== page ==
Friday, June 24, 2016

Global Markets Tumble After #Brexit Vote

I expect that markets will stabilize as the political and economic ramifications of the vote become clearer. Of course, good leadership couldn't hurt. Prime Minister Cameron's resignation is obviously a stark move, but meetings between U.K. and E.U. representatives are supposed to start right away. From reading around on Twitter, a good scenario would be for Britain to negotiate membership without voting rights in the European Free Trade Association (and perhaps the European Economic Area as well, which is problematic, since that would entail the "free movement of persons" among member states, and that's probably the main reason the British voted to leave).

But more on that later.

Here's the Wall Street Journal, "Markets Roiled as U.K. Votes to Leave EU: Global stocks plummet after win by ‘Brexit’ supporters":

Britain’s surprise vote to leave the European Union battered the British pound by more than 11%, sent global stocks tumbling and broke records in government-bond yields as the world’s financial markets braced for an uncertain future for the politics and economies of Europe.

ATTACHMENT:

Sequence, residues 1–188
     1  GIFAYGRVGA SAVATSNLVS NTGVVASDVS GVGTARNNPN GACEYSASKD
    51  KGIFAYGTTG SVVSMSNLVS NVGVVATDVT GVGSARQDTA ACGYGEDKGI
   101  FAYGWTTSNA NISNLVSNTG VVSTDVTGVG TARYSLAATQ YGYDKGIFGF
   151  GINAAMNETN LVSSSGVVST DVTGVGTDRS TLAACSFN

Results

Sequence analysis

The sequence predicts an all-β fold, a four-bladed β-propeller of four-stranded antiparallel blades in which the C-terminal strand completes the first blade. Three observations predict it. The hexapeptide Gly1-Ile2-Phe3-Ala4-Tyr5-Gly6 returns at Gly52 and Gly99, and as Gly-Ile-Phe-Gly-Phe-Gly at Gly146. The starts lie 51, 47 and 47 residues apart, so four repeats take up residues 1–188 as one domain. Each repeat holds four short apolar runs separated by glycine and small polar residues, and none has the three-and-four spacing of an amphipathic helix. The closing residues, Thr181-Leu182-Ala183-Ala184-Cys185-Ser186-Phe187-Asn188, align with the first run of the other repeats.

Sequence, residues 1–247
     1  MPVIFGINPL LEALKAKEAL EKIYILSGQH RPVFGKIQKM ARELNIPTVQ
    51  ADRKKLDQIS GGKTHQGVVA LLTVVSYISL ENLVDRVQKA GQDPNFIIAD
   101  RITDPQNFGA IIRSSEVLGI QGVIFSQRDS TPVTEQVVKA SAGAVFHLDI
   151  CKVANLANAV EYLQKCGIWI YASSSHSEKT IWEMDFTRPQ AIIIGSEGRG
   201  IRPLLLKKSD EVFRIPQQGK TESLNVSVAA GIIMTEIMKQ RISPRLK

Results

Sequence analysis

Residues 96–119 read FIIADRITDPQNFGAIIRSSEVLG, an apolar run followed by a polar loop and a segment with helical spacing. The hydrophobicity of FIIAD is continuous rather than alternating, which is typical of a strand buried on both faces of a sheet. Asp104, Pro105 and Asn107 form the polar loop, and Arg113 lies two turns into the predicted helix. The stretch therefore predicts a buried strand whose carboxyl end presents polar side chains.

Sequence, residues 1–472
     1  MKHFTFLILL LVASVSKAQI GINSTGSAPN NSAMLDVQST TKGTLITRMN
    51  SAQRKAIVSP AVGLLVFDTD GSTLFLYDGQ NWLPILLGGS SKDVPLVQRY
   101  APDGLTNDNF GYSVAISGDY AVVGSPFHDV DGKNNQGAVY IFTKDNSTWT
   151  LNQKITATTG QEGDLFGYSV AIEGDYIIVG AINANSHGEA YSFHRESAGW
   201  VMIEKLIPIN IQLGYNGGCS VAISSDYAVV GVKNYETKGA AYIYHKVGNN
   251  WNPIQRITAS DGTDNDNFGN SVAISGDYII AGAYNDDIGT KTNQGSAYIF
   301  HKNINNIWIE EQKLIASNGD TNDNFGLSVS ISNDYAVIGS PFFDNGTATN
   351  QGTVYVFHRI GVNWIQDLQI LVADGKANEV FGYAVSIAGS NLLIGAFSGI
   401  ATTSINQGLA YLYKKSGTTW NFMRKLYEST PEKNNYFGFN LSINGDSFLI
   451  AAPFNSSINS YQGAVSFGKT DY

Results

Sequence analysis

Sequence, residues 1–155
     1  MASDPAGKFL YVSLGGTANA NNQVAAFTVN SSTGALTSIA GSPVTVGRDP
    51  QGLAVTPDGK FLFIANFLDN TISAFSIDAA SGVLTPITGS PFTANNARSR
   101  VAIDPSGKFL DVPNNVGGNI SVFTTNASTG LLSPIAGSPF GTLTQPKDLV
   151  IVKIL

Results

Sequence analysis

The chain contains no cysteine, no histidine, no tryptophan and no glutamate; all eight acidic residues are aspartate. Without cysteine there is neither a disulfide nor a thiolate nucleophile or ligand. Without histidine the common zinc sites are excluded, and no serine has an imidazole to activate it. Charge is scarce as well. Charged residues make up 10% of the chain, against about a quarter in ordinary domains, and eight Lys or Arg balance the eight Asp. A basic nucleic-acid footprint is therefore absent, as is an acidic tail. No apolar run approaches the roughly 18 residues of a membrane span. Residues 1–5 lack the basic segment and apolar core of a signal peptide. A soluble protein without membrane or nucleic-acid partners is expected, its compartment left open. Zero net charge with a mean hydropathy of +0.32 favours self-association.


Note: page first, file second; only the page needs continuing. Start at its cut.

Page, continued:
It was a historic drubbing for investors who had stacked up bets that the U.K. would choose to stay. British Prime Minister David Cameron, who had campaigned for Britain to remain in the EU, said Friday he would step down.

Stocks in Asia, Europe and the U.S. fell sharply, along with oil prices, as investors sought safety in gold and government bonds.

The Dow Jones Industrial Average dropped 611.21 points, or 3.4%, to 17399.86, wiping out its year-to-date gains. The S&P 500 index fell 3.6%, dragged lower by bank stocks, and the tech-heavy Nasdaq Composite shed 4.1%.

“We haven’t had what I would say is a crash, but we’ve given back gains we’d taken months to make,” said Chris Semenuk, manager of the TIAA-CREF International Equity Fund.

European stocks closed with steep losses. The pan-European Stoxx 600 index fell 7%, its steepest drop since 2008. Goldman Sachs sent out a note Friday predicting the index’s losses related to a British exit from the EU, or “Brexit,” could total 19%.

The drop in sterling helped keep London’s export-heavy FTSE 100 somewhat insulated from the turmoil in the U.K. The index fell 3.15%. The FTSE 250 index, which tends to be more geared toward the U.K. economy, fell 7.2%, its steepest drop since 1988.

European bank shares posted especially sharp losses, with British bank Barclays PLC down 18% and Spanish lender Banco Santander SA down 20%.
Keep reading.